AUGUSTA — Nick Winchester prefers that you don’t mention what happened when Hampden Academy played Messalonskee during the regular season. The head coach of the top seed in the Class A North girls basketball tournament remembers quite well how the two games went down, and he’d rather the Eagles weren’t reminded of it.

“I do recall exactly, and I hate to talk about them too, too much,” Winchester said after Hampden beat Lawrence in the regional semifinals Wednesday. “Let’s just say, we won both, and I think from those games there are things that we could take that we could build on.”

The Broncos (18-2) served notice that a run through the region could be in the cards on the season’s opening night, blowing Messalonskee out by nearly 40 in Oakland — 67-29.

Hampden and No. 3 Messalonskee will meet at 7 Friday night at the Augusta Civic Center for the Class A North championship. The defending state champion Eagles (14-6) are making their third consecutive appearance in the regional final, but they’re not the same team that rolled to a perfect 22-0 season last winter.

They’re not even the same team they were when they last played Hampden, a 43-34 loss on the road, in early January. That was only Messalonskee’s eighth game of 18 in the regular season.

“Some kids were playing different roles early on than they’re playing now,” Messalonskee coach Keith Derosby said. “Alyssa Genness is one who has just been lights-out in this tournament. We see those things on a daily basis.”

With the one-two, inside-outside punch of Miss Maine Basketball Sophie Holmes and McKenna Brodeur now playing at Franklin Pierce College and the University of Maine at Farmington, respectively, the Eagles have retooled for this run to the final. Instead of three standout individual performers, Derosby has relied on a host of role players to fill the holes needed behind the play of senior Ally Turner and sophomore Gabrielle Wener.

To Derosby’s credit, he made sure not to identify players’ roles for them ahead of time. He didn’t make the mistake of trying to fit the proverbial square pegs into round holes.

“Having kids you can put in for a minute here or there, or even longer stretches, is big,” Derosby said. “We don’t dictate to them. We kind of let them figure their roles out as they go. It’s more authentic if they know where they fit.”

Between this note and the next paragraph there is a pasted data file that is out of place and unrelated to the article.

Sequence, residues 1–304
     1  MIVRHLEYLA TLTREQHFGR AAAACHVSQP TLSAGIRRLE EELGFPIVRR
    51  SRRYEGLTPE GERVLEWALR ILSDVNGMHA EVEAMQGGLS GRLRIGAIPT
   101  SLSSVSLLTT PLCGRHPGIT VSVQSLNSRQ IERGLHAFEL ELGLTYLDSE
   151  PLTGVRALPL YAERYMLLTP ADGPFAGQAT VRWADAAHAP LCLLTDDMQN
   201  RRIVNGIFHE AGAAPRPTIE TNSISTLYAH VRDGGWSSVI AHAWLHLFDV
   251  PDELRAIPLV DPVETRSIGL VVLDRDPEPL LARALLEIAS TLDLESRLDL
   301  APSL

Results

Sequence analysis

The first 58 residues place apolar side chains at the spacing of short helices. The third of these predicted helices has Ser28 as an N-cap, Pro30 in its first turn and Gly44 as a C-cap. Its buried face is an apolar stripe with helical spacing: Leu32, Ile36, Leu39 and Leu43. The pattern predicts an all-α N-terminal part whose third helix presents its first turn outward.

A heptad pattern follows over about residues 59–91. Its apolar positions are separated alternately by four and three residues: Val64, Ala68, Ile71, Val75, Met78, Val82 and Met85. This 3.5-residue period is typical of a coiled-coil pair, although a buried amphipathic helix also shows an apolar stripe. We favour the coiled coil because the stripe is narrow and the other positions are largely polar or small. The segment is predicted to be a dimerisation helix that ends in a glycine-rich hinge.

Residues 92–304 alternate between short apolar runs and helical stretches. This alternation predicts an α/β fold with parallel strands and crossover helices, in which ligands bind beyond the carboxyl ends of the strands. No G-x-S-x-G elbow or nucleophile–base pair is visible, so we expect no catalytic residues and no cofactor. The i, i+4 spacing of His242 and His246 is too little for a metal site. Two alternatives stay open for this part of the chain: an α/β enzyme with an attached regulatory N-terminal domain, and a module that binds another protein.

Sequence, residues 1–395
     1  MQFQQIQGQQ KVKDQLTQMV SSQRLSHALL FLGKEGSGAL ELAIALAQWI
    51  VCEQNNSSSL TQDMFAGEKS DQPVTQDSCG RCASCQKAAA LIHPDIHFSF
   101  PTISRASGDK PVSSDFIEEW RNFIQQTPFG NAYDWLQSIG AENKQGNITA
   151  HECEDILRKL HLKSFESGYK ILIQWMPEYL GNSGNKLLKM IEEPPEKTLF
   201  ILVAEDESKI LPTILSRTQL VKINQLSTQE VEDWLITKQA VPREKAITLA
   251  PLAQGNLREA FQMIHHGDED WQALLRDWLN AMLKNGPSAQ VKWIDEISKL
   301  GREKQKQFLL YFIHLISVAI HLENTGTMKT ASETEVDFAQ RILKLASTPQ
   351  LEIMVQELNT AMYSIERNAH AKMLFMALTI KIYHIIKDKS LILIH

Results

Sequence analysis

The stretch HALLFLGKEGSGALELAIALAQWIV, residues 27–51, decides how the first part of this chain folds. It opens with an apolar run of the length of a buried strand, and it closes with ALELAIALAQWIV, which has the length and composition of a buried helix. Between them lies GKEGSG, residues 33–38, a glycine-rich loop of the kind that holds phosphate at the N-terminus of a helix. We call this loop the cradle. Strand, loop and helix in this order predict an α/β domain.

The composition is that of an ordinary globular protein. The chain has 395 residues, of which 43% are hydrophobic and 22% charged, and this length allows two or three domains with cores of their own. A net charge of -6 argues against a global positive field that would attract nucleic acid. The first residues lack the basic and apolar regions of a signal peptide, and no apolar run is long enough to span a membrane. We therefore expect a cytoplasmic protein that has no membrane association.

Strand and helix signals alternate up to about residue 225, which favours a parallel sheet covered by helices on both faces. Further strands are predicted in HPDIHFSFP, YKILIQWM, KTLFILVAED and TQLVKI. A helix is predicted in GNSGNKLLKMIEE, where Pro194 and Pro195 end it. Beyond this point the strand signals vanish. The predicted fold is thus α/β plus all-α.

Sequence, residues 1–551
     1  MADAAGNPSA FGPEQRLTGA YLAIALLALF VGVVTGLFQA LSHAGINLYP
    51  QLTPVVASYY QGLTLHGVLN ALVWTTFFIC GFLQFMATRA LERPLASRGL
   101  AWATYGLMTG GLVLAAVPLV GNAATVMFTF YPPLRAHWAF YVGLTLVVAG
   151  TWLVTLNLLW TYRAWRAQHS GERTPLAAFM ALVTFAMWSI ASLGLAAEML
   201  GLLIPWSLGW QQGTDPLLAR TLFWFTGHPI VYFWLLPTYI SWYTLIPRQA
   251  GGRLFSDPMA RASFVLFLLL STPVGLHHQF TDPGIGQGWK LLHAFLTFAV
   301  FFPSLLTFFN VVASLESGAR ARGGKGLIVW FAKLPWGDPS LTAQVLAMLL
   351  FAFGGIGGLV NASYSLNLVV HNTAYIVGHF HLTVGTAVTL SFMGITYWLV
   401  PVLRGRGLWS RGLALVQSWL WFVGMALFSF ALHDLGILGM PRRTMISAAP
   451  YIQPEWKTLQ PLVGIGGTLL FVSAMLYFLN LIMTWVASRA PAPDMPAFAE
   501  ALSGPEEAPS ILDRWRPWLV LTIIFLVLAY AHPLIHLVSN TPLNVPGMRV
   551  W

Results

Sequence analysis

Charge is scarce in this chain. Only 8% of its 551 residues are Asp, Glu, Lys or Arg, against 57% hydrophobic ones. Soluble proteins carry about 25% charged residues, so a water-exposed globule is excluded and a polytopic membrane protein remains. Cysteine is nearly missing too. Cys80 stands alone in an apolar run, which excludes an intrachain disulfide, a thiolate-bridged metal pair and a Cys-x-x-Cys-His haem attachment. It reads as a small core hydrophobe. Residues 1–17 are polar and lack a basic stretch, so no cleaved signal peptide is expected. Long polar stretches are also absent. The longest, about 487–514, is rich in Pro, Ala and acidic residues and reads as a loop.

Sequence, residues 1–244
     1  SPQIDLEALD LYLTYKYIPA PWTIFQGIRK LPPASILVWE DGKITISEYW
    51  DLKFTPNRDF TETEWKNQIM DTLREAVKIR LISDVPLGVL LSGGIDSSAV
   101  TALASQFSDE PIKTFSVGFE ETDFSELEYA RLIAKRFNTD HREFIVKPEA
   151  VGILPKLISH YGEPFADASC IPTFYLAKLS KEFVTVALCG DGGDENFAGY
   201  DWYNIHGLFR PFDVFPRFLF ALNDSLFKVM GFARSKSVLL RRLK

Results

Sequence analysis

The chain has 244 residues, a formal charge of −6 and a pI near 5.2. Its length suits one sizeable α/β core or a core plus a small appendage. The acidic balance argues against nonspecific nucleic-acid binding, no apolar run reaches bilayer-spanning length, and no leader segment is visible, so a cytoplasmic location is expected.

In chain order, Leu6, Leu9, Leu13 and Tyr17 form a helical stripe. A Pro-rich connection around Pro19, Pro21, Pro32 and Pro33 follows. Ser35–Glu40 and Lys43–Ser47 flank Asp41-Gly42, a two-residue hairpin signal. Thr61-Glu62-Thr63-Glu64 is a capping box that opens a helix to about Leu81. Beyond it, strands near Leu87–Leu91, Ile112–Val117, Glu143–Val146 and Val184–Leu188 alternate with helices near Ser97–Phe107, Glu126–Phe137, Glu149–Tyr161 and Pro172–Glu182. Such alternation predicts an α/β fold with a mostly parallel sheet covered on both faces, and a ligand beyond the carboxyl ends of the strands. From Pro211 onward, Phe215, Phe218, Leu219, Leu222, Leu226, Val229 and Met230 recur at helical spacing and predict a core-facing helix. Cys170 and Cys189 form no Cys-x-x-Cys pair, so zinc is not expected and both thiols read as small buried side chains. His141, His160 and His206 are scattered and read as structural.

The little things will matter Friday night.

Messalonskee averaged just 30 points per game against Hampden in its two meetings this season, more than 20 points off its scoring average (52.6) in its 16 other games during the regular season. The Eagles will have to find a way to get inside against Hampden’s 6-foot-3 center Bailey Donovan, both to get to the rim and to rip rebounds away from her.

Donovan — who posted a double-double with 14 points and 12 rebounds in the first meeting with Messalonskee — is one of five Broncos standing 5-foot-8 or taller, giving them a pronounced size advantage over just about every team in Class A North.

“We’re super-long as a group,” Winchester said. “We’re also really rugged. That helps you fight off screens, that helps you get through screens, it helps you with switches, it helps you when you get caught in the post. Our kids just play really well defensively, and they use that physicality to put themselves in good positions offensively.”

Where Messalonskee’s Turner and Wener can score in transition and from the perimeter, it will be up to Genness, Makayla Wilson, Katie Seekins and Brooke Martin — among others — to provide presence in the paint. That’s where Messalonskee hopes its tournament experience over the last couple of seasons will pay off.

“Ally and K.K. (Wilson) have had a lot of games (at the Augusta Civic Center),” Derosby said. “Gabrielle in the last two years has had a lot of games here, Alyssa Genness, too. They know that one shot makes a big difference, one possession on offense and one possession on defense and suddenly it’s a new game. I think it’s maturity and settling down and understanding that you can’t win it on one shot always.”

Still, there will be the tall task of beating a Hampden team that avoided a scare in the quarterfinals against upset-minded Gardiner and has rounded into form as the tournament week waged on.

Plus, there are those two regular-season games between the Broncos and Eagles that Winchester is reluctant to talk about.

“What’s the old adage? It’s hard to beat a team three times in one season,” Winchester said. “The thing about Messalonskee is that they’re tournament-tested. They’ve been through this run before, they’ve been all the way to states. This isn’t going to be a new environment for them. They’ll come out ready to play, but I think we match up well with them.”

Travis Barrett — 621-5621

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Twitter: @TBarrettGWC